I admit there probably is strict control, because I've not heard of it being caught. I just thought that maybe I wasn't reading the right things. I'm not anywhere near the banking industry.

On a related note, how are these drug dealers and mobsters banking their profits? I guess there are banks that really don't ask questions if you bring in duffel bags of cash. Is this how it's done? My source is the documentary movie "The Firm", with that scholar Tom Cruise.
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Old 02-05-2010, 11:52 AM
Giles Giles is online now
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Quote:
Originally Posted by Cardinal View Post
So I open up a bank on Naru. Since no records are required, why can't I just invent money in my electronic accounts and transfer it to more respectable banks, allowing me to spend it? I assume there's some real answer, but I don't know what it is.
I presume you mean Nauru. If you open up a bank in Nauru, you need to do so under the Banking Act 1975, which seems to require the keeping of records: if you didn't, you would be keeping the Registrar of Banks happy.
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Old 02-05-2010, 12:01 PM
Ruminator Ruminator is offline
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Originally Posted by Cardinal View Post
OK, but what about my personally founded bank in Naru or the Caymans? Is there real checking going on to match the debits with the credits? If I could invent credits to my account there, then there would be a "correct" debit for the deposit to a US bank.
But to create the bank in Caymans, you have to have real assets. If Caymans had very light regulatory enforcement of their banking system to allow you to create banks out of thin air, a few things would happen: #1 they'd be kicked out of the IMF and #2 the global trading for their currency (KYD) would plunge because its integrity cannot be trusted.

There are several barriers to injecting fictitious money into the worldwide money supply. Although you can bet if someone like you is thinking about ways to do this, there are other criminals trying to do the same thing with clever mechanisms trying to outwit world banking system. Likewise, there are constant bank security procedures and audits that try to stay one step ahead of the criminals.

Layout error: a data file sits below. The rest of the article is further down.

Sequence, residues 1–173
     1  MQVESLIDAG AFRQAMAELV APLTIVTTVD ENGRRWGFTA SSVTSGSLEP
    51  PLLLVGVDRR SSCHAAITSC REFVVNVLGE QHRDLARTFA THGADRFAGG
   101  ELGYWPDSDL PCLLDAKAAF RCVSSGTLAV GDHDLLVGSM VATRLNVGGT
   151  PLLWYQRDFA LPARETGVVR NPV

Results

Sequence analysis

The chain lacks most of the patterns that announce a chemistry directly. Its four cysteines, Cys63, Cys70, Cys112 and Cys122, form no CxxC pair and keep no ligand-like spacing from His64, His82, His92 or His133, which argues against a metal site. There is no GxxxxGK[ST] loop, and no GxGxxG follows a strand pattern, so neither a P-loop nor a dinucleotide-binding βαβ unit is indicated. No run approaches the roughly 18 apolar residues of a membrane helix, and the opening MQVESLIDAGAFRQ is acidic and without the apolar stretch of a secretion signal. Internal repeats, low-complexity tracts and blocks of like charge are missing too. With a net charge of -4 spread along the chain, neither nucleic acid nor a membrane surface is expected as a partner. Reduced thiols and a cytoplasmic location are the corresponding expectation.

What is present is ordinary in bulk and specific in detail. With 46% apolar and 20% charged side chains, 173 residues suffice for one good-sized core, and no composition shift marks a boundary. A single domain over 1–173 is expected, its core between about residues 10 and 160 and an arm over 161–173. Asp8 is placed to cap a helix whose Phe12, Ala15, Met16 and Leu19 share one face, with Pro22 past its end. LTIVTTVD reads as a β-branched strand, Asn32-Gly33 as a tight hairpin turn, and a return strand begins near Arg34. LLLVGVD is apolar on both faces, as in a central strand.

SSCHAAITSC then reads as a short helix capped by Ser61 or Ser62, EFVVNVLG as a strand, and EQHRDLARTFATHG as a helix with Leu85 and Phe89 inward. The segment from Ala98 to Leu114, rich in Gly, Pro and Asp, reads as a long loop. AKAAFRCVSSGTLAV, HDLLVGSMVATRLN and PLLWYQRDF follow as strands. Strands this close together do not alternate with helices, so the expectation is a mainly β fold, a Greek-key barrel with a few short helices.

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Old 02-05-2010, 12:44 PM
si_blakely si_blakely is offline
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There are also ratings systems (Standard and Poor's, Moody's) which banks use to evaluate other banking organisations - without a suitable ranking, noone will trust you for your electronic transfers.

Nauru has a very lax banking system coupled with strict secrecy laws, and Cardinal is correct - it takes very little in the way of documentation and infrastructure to set up a private bank there (just money). However, to interface with the real banking system requires a trusted interface - a clearing hose to monitor transactions in and out and hold collateral on transactions in progress, and some trusted partner banks around the world. You can be as lax as you like, keep your records on post-it notes and create all the private money you like, but no-one will exchange it for real-world money until you can convince them that it has real value. And until you can prove that (by audits, proof of initial transfer, etc) you are out of luck.

What Nauru can be used for is laundering real money of uncertain origin into money that can be used without questions being asked - the russians have pumped millions through Nauru, with enough hard currency greasing the officals to make many questions disappear.

Of course, if you are a Central bank, you can do this all you like - Quantitative Easing.

Si
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  #11  
Old 02-05-2010, 05:21 PM
Lumpy Lumpy is offline
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While I'm certain that an attempt to create money ex nihilo would soon be caught, I wonder if it would necessarily be caught fast enough. That is, if you could extract fifty million in cash through some scheme, and be on your private plane out of the country half an hour before the alarm bells went off.